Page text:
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Oh my gosh, it’s been so long!
You *look* fantastic!
*I can’t really see you, but knowing you, I can assume.
What have I been up to? Oh geez, where do I start?
Well, we’ve been moving. And that’s seriously hectic.
Have you ever moved? I swear things start appearing. Literally materializing out of thin air! You think you know how much stuff you have until you try to move from one house to another. Just as soon as I thought we were close to being done, I’d open a closet or a cupboard and have another carload of stuff. Plus, if I ever have to scrub walls again, I may die.
*Also, Nick is rolling his eyes. I can feel it. It’s cool.
And that’s been mixed in with working, rehearsing, performing yadda yadda yadda.
But it’s great. All of it. I can’t believe how lucky I am. How awesome our friends and family are. I’m never hesitant to say that I’m loving life, but there are times when it’s truer, more real. This is definitely one of those times.
What about you? What have you been up to lately? I’d love to hear from you, and let’s promise to meet like this more often!
See you soon?
I really do mean to post with some kind of regularity, so I apologize for disappearing. I promise that soon I will post more often.
It’s just that, things have been happening. Exciting things. Like, big, awesome, things.
Before you freak out, we’re staying in Missoula. I’m not sure we’d ever choose to leave this town. But we’re moving into a house. With a yard. And a garage. And wood floors. And the dryer won’t be in the kitchen!
See? Only the dryer is in there. The washer is in another part of the apartment. Ridiculous, no?
We are super excited, but it’s going to be a big change. We’ve lived in our apartment for over six years. Six years of good neighbors. Bad neighbors. People walking over head. Parties. Car alarms. Pregnancy. First steps. Bike rides. No kids our son’s age. Lots of kids our son’s age.
It will involve a change of schools. Leaving the Northside neighborhood we’ve grown to love so much. Trying to pack up six years worth of stuff and moving it across town.
But it will also involve exploring a new neighborhood. A yard with a fence! A garden!! A big trampoline!!! (Be still, my dancer’s heart!) Getting used to a new oven. Backyard bbqs. Mowing grass, for the first time ever.
All the amazing things that are involved with moving your things, your heart, your sense of home into a new space, and making that place your heart, your home.
It makes me feel like a kid.
I can’t wait.
Be patient with me while I sort through our life and pack it into boxes. I can’t promise that I’ll post much during the next few weeks, but I can promise to take lots of pictures, and check in with you now and then. Because you know you’re coming with me, right? I promise, it’s going to be great. You’ll like it.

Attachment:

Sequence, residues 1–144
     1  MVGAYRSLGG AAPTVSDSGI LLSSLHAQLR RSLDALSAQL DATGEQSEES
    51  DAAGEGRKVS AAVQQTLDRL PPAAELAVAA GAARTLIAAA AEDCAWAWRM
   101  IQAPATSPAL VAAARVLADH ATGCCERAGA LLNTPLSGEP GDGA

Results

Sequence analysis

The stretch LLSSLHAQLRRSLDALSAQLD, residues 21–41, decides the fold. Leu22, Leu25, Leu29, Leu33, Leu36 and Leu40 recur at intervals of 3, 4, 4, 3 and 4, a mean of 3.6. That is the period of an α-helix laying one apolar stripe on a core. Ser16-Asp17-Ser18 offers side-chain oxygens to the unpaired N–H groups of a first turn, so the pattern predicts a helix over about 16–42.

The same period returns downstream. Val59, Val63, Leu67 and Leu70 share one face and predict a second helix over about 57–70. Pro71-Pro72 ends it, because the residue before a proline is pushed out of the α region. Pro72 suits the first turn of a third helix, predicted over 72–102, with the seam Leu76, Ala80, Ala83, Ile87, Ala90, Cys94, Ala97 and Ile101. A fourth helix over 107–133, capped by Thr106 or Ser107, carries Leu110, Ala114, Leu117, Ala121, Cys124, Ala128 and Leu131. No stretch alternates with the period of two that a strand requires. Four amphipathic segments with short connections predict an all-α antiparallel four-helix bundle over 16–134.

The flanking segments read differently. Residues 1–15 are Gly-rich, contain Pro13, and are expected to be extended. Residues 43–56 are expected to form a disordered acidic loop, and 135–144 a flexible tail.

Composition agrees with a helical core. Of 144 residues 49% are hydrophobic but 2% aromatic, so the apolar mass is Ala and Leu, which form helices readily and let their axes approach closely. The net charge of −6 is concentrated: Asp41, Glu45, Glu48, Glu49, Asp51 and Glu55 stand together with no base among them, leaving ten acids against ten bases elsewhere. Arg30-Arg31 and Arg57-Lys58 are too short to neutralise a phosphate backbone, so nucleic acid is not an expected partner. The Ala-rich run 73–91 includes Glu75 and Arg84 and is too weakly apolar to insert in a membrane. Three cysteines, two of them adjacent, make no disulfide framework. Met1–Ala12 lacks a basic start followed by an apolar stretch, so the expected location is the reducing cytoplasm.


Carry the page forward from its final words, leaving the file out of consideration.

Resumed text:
There’s a trampoline.
You see, Farmer’s Market is back. And it was Brew Fest.
I don’t drink beer (still. Shocking, I know), but I got to people watch,
In short, it’s that time of year in Missoula.
And I am happy.
This was the most epic fruit salad. I even tweeted about it! (Did you know you can follow me on twitter? I’m super hilarious. Well, I said something mildly funny once, anyway.)
The salad was epic, not only because it was delicious, and huge, but because of the variety. This many fruits in the same bowl has to mean that spring is mostly here. (Mostly, because I live in Montana, and we’re known for our June blizzards. No joke! I remember snow on the Fourth of July one year. Yeah, it sucked as much as you think it would.)
We also grilled steak:
Chicken is still not allowed for awhile, but when beef is this good, I don’t mind.
And no, that’s not a tricky camera angle. My plate was half full of fruit salad. I’m a fruit optimist
Fruit Salad of Epic Proportions
Serves at least 8, unless you eat fruit salad like we do
2 Granny Smith apples
2 ripe pears
2-3 small bananas
3 cups grapes (your favorite color)
1 pint blueberries
1 pint raspberries
1 pint blackberries
3 cups hulled & sliced strawberries
Wash fruit thoroughly! Peel orange and slice sections into chunks. Chop apples, bananas & pears (oh my!). Toss everything but the lime into a large bowl. Slice the lime in half and squeeze the juice into the bowl. Toss fruit so that the lime juice is evenly distributed. Serve immediately.
We definitely had leftovers. Leftover fruit salad is one of my very favorite things in the whole world. Why? Because you can add it to plain yogurt and eat it as a fruit and yogurt parfait for breakfast! Score.
As the weather gets warmer and fruit is more in season, this won’t be such an expensive adventure. But really, it’s worth it to feel like spring might stick around.
No, really. Don’t let my poor photography skills fool you. These are the best whole wheat pancakes I’ve ever had. The best ANY pancakes I’ve ever had. And I’ve been eating them my entire life, because I’m just that lucky.